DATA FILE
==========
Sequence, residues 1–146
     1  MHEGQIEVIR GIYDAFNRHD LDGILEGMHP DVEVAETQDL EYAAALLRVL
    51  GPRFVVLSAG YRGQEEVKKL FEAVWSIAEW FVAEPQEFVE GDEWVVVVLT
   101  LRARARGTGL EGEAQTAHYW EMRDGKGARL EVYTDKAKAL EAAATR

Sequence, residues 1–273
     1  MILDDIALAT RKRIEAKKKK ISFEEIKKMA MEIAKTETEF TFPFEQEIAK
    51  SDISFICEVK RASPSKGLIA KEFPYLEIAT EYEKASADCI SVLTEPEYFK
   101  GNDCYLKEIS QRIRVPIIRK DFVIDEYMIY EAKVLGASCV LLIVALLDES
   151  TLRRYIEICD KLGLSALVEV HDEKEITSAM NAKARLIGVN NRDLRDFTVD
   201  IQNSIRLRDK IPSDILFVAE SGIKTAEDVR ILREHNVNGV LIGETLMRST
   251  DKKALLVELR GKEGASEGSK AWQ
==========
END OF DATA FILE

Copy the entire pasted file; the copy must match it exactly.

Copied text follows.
Sequence, residues 1–146
     1  MHEGQIEVIR GIYDAFNRHD LDGILEGMHP DVEVAETQDL EYAAALLRVL
    51  GPRFVVLSAG YRGQEEVKKL FEAVWSIAEW FVAEPQEFVE GDEWVVVVLT
   101  LRARARGTGL EGEAQTAHYW EMRDGKGARL EVYTDKAKAL EAAATR

Sequence, residues 1–273
     1  MILDDIALAT RKRIEAKKKK ISFEEIKKMA MEIAKTETEF TFPFEQEIAK
    51  SDISFICEVK RASPSKGLIA KEFPYLEIAT EYEKASADCI SVLTEPEYFK
   101  GNDCYLKEIS QRIRVPIIRK DFVIDEYMIY EAKVLGASCV LLIVALLDES
   151  TLRRYIEICD KLGLSALVEV HDEKEITSAM NAKARLIGVN NRDLRDFTVD
   201  IQNSIRLRDK IPSDILFVAE SGIKTAEDVR ILREHNVNGV LIGETLMRST
   251  DKKALLVELR GKEGASEGSK AWQ